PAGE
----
The descenders used for suspension are highly variable in performance and complexity, with a variety of relatively simple devices that rely on frictional coupling between the rope and metal rings or racks around which the rope is wound, and the free end of the rope. There are a number of more complex descenders, including a braking mechanism that allows friction between the rope and the descender rather than simply controlling the part or tail end. The first form of these more complex devices has a handle or lever that increases friction between the descender and the rope when actuated. This type of descender has no significant advantages over a simpler device that does not have brakes self-coupling, and if the user is knocked unconscious it must descend in the same way as the user of the simpler device above.
Many devices these days include automatic braking mechanisms whose handles are actuated by the person using the descender to control their descending speed, which prevents the brakes from operating and the user falling out of control when the handle is released. . Australian patent application 16132/95 discloses such a sensor that provides an automatic locking system for the descender actuated by the lever, wherein the operation of the lever by the person using the descender Release the braking means and allow the person to descend, the braking system is automatically applied if the person using the descender releases the lever and prevents the person from falling out of control.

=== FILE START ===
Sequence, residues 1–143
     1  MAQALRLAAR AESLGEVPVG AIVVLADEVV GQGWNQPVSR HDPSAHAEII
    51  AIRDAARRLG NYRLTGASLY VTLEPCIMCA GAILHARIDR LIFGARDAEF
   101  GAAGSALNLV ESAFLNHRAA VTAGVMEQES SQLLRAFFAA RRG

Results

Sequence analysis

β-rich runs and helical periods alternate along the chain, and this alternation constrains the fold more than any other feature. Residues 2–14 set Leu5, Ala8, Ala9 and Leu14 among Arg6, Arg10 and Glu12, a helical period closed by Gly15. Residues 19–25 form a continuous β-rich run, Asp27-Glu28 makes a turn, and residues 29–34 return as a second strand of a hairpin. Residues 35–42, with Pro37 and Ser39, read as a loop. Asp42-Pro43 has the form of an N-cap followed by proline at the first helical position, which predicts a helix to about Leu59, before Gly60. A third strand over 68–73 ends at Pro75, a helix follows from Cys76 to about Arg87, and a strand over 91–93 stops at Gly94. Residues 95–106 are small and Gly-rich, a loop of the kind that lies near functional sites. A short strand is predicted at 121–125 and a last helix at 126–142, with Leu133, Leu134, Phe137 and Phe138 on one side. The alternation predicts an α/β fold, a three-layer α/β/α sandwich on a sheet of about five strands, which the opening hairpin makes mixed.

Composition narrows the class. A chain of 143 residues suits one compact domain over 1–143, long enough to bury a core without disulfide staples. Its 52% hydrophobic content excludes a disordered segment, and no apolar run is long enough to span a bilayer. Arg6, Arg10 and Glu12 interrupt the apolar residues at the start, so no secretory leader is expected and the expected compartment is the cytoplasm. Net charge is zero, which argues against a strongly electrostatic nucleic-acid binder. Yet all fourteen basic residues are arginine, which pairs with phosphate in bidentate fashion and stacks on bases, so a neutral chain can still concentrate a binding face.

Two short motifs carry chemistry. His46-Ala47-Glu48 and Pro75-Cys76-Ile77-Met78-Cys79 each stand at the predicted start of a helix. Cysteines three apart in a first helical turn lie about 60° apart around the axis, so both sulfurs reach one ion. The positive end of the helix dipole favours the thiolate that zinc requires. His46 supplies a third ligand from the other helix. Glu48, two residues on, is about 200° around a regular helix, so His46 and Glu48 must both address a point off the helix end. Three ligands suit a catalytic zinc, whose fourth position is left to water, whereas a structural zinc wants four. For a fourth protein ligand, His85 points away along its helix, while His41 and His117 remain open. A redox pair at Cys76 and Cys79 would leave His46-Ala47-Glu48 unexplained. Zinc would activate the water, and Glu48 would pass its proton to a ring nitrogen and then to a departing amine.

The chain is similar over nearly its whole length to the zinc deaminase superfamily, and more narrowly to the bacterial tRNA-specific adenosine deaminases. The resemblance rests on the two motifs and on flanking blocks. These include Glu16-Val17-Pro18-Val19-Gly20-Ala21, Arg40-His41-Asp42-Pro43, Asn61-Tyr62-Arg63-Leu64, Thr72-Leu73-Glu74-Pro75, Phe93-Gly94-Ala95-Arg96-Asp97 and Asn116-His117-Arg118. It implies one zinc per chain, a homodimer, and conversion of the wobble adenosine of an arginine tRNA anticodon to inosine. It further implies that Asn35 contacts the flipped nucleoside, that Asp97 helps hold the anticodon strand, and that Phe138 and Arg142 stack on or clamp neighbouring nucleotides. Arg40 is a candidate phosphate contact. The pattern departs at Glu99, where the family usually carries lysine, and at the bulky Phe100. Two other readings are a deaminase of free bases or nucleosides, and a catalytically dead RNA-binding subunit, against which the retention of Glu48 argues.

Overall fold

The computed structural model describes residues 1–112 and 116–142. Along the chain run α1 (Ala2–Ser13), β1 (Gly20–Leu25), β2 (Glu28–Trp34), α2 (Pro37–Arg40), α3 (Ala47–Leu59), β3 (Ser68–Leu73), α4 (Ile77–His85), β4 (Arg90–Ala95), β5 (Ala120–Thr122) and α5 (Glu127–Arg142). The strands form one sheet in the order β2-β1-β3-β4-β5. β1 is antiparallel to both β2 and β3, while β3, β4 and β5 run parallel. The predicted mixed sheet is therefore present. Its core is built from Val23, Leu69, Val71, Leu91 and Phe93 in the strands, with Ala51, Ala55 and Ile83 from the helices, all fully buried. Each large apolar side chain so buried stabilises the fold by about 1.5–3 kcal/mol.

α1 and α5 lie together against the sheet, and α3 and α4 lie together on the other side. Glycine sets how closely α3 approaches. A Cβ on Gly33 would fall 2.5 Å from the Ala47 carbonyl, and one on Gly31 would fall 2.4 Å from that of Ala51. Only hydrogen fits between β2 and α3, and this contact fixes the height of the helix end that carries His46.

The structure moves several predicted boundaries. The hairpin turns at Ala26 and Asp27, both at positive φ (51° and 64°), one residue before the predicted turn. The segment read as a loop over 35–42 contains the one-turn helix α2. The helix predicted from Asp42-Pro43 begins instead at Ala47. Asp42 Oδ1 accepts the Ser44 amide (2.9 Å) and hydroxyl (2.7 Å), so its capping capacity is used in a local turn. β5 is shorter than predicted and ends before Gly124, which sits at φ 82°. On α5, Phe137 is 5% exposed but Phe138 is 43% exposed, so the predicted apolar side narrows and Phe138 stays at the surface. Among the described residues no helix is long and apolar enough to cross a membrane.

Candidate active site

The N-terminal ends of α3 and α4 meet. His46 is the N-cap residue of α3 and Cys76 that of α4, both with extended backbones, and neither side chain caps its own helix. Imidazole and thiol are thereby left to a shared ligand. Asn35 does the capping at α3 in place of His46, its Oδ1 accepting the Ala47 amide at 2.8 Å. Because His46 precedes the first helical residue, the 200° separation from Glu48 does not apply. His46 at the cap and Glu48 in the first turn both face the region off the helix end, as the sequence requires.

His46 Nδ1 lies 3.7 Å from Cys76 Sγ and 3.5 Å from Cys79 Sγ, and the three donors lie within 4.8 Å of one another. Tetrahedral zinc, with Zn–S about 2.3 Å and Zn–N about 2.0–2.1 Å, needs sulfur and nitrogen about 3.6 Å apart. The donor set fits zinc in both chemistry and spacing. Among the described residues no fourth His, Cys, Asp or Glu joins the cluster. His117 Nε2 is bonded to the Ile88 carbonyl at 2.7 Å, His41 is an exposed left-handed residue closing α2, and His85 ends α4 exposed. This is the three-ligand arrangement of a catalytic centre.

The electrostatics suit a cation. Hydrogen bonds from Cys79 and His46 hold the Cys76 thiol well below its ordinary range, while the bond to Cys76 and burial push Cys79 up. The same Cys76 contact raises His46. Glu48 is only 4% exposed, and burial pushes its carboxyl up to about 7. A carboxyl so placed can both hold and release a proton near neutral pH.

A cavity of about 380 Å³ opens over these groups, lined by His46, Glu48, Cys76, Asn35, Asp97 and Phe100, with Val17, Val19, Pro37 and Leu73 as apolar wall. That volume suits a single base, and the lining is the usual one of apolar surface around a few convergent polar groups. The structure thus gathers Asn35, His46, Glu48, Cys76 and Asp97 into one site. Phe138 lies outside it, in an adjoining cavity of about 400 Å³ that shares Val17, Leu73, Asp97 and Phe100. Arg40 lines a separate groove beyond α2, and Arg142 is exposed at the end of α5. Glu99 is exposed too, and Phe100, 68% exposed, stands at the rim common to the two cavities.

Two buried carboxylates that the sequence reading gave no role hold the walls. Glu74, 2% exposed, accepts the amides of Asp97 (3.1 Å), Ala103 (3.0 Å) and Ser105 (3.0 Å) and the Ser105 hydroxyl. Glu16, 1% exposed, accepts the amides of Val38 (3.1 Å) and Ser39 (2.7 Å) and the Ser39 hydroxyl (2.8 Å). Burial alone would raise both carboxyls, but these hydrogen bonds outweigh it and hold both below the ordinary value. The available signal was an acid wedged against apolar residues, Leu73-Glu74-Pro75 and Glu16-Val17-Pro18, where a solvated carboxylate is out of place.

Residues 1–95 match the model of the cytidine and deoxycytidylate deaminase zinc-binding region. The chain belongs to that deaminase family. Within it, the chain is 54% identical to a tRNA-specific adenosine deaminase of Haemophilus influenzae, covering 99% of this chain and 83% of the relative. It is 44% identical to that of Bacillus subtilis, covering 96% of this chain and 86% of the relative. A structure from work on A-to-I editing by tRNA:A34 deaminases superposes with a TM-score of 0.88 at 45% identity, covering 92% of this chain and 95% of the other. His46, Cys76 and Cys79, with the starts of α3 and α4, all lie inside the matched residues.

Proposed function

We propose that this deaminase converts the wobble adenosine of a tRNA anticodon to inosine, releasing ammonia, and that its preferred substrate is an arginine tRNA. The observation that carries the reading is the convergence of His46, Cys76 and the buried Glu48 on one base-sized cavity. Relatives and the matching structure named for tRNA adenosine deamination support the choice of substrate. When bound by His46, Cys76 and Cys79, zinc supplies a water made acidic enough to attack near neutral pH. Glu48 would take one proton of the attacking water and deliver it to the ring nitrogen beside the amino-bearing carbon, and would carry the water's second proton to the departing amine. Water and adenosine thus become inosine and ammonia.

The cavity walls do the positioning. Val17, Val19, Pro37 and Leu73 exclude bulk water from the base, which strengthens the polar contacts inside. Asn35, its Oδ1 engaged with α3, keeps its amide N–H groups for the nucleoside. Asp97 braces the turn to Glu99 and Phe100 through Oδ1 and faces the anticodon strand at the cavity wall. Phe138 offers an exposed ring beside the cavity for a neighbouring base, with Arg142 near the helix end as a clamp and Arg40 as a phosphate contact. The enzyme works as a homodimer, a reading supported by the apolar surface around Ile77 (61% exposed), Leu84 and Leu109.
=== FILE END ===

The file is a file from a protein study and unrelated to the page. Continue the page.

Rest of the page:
In US 4,596,314 a descender of a similar type is disclosed.
There are two problems associated with descenders of the type shown in AU 16132/95. The first problem is that descenders cannot be used for billing. Billing is a well-known technique used for climbing. A climber (belayee) descends or climbs a cliff face while roped to the cliff face through pitons. The belayer grabs the rope and allows the climber only as much rope as he needs to travel a short distance up or down the cliff face. Thus, if climbers fall, their fall is prevented by ropes and climbers. However, descenders such as those shown in AU 16132/95 cannot be used for billing.
A second disadvantage of descenders described in AU 16132/95 is that the descending speed cannot be preselected by the person using the descender as a device.
International patent application PCT / AU97 / 00147 discloses an improved desensor with automatic braking means which can be used as a descender for use in descending or billing descenders. However, the problem with the descender is that when used as an ascender for raising an object, a body, etc., it does not function effectively and tends to jam.